- Socialize. Keep up with old friends and look for ways of making new ones. Spend time with family. Forming new connections with people helps to keep your mind stimulated and can improve your memory.
- Go back to class. Many colleges allow seniors to take classes for free. If you are homebound, try taking an online class.
- Play games. Look at senior centers, MeetUp groups, religious organizations, or online for bridge, chess, or other card game groups.
Navigating the Healthcare System
- Hospitalizations-Over 30% of patients over the age of 70 who were living independently before hospitalization, leave the hospital requiring assistance in at least 1 ADL (ability to bath, dress, eat, groom, go to the restroom on your own). For each day in the hospital it can often take several weeks for a patient to recover to their prehospital level of functioning. Rehab following your hospitalization can help to shorten this time period and help people regain prehospitalization function. In the unfortunate event you have to be hospitalized, knowing what your options for rehab include and what your preferences are can be extremely helpful.
- Rehab Terms and Options-Rehab often includes physical therapy, speech therapy, or occupational therapy; depending on your needs. This can be done in the following settings: Outpatient Therapy (you go to an outpatient gym for therapy), Home Therapy (therapist comes to your home if you are homebound-meaning it is hard to leave your home unless going out for religious services or doctor appointment), Acute rehab (done in a rehab hospital), or sub-acute rehab (done in a nursing home or skilled nursing facility, called a SNF).
- What is Covered and Involved in Rehab-Home based and outpatient therapy typically occurs 2-3 times per week for about 1 hour each session. A certain number of days each year are often covered by Medicare. Acute rehab involves 3-5 hours of therapy per day and requires you staying in a rehab hospital. A certain number of days are often covered by Medicare if you have a qualifying hospital stay (at least 3 inpatients nights). Sub-acute rehab involves 1-3 hours of therapy per day and requires you staying in a nursing home or SNF. A certain number of days are often covered by Medicare if you have a qualifying hospital stay (at least 3 inpatients nights).
- Know Before You Go-Having an idea of which subacute rehab facility you would like to use is helpful. Medicare provides a helpful website that shows information about different facility near you with ratings from 1 (lowest) to 5 (highest) that can be found at: https://www.medicare.gov/nursinghomecompare/search.html?
Early Consideration of What Next Level Care Looks Like for You
- Know where you want to live. Begin to think about where you would like to live as you age. For some this is in their homes, for others it is living independently in a smaller home, and some prefer joining retirement communities, such as CCRCs (Continuing Care Retirement Communities). Explore your options to see what is best for you and your loved ones.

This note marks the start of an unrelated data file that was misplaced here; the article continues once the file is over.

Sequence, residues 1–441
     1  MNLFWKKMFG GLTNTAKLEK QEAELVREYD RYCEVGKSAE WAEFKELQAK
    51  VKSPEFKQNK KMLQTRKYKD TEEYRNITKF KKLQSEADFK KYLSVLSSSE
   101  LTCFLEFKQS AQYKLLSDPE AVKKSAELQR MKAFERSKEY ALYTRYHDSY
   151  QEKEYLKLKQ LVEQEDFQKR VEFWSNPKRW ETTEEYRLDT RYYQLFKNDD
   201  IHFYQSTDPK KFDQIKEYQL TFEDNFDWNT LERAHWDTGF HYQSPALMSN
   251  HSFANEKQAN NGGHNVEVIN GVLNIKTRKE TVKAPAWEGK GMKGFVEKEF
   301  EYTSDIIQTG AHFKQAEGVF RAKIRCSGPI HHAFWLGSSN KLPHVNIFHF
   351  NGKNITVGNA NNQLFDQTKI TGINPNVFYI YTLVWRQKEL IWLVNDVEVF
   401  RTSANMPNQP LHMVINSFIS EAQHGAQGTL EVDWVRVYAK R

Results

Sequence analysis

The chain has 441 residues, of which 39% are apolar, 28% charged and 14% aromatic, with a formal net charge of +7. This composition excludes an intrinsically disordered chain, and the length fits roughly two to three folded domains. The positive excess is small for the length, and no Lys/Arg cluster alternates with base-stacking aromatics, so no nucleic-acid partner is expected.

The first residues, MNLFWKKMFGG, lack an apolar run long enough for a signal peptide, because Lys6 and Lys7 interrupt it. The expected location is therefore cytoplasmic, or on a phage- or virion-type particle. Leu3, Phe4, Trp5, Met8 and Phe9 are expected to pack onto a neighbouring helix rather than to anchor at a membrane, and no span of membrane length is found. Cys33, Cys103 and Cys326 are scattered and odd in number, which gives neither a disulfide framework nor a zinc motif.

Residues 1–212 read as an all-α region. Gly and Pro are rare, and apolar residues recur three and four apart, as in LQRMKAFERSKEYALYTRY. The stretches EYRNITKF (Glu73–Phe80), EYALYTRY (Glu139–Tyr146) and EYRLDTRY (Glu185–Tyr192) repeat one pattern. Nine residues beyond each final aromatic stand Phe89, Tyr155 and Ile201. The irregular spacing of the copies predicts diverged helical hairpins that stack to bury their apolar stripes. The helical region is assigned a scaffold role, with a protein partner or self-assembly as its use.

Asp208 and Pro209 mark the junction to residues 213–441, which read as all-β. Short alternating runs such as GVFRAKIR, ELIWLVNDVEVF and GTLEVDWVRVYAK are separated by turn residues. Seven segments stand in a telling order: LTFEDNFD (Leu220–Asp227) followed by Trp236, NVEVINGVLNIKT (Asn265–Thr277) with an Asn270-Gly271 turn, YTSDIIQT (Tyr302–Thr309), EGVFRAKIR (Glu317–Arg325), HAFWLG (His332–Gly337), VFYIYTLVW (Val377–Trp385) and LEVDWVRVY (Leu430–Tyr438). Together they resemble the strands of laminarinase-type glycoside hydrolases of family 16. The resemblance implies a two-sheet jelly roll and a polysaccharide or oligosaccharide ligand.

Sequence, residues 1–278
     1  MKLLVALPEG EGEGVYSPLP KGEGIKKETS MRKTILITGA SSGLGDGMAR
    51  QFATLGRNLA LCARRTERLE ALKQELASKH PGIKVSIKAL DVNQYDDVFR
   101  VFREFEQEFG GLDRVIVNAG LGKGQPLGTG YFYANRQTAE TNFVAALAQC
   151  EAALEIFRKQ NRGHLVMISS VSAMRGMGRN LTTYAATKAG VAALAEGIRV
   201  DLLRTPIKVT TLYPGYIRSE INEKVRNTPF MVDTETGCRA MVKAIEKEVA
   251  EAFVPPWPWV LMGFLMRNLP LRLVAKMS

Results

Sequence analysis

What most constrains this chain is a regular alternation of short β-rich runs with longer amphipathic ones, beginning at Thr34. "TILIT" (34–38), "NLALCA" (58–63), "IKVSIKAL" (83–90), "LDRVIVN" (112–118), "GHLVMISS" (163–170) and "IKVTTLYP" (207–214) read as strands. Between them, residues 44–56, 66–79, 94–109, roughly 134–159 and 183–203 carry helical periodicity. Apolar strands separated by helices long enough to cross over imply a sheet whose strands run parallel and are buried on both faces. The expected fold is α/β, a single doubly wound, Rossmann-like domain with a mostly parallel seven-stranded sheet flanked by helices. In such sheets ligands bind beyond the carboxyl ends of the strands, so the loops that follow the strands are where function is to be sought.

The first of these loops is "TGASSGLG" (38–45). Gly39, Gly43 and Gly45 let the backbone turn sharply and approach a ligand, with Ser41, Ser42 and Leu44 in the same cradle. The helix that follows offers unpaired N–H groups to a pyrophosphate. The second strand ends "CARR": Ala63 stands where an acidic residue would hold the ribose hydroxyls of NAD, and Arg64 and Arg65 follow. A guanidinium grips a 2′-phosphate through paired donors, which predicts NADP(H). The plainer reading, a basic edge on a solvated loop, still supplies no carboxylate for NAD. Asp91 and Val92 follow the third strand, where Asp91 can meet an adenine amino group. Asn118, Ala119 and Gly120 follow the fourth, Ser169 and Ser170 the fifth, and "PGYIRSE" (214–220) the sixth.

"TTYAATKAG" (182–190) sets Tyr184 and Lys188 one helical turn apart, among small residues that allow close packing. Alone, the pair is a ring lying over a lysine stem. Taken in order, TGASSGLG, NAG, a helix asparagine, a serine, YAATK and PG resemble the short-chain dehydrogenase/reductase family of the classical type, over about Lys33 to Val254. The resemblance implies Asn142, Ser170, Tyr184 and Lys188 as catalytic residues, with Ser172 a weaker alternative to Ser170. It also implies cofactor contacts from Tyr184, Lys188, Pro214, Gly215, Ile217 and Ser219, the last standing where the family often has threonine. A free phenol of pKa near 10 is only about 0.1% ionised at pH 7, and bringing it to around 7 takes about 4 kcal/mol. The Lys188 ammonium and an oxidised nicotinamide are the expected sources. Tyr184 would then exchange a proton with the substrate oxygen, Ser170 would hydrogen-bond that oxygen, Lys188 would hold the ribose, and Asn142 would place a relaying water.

- Prepare for now for when next level care is needed. While the goal is always to age at home and live independently as long as possible, everyone should prepare for what next level care may look like for them. Do you want to stay in your home as long as possible and bring help in when needed, or do you prefer moving into a retirement community or assisted living facility, where the care is brought to you? Many resources are available that can help seniors who wish to stay in their homes as long as possible:
- The Home Care Association of America, which can help you find hired privately paid caregivers. http://www.hcaoa.org/
- Your area agency on aging; which can help with meals, transportation, activities, and more. In Charlotte: http://centralina.org/centralinaaging/
- The Village Network, a grass-roots organization, run by volunteers and paid staff to help seniors stay in their homes by helping to coordinate access to affordable services
including transportation, inspiring health and wellness programs, home repairs, social and educational activities and trips http://www.charlottevillagenetwork.org/
- Some services available to older adults include Meals on Wheels, fuel assistance, caregiver support, respite, and transportation services. Find out what resources are available in your community by checking your local governmental listings or visiting http://www.eldercare.gov.
Everyone will have their own, unique, 4th Quarter, but knowledge and intentional preparation can ease the transition and allow you to enjoy the years to come.
- org. Access date 9/7/16.
- Covinsky et al. Care of the Aging Patient. Hospitalization-Associated Disability “She Was Probably Able to Ambulate, but I’m Not Sure” JAMA, October 26, 2011—Vol 306, No. 16
- Lindquist et al. Advanced life events (ALEs) that impede aging-in-place among seniors. Arch Gerontol Geriatr. 2016 May-Jun;64:90-5. doi: 10.1016/j.archger.2016.01.004. Epub 2016 Jan 12.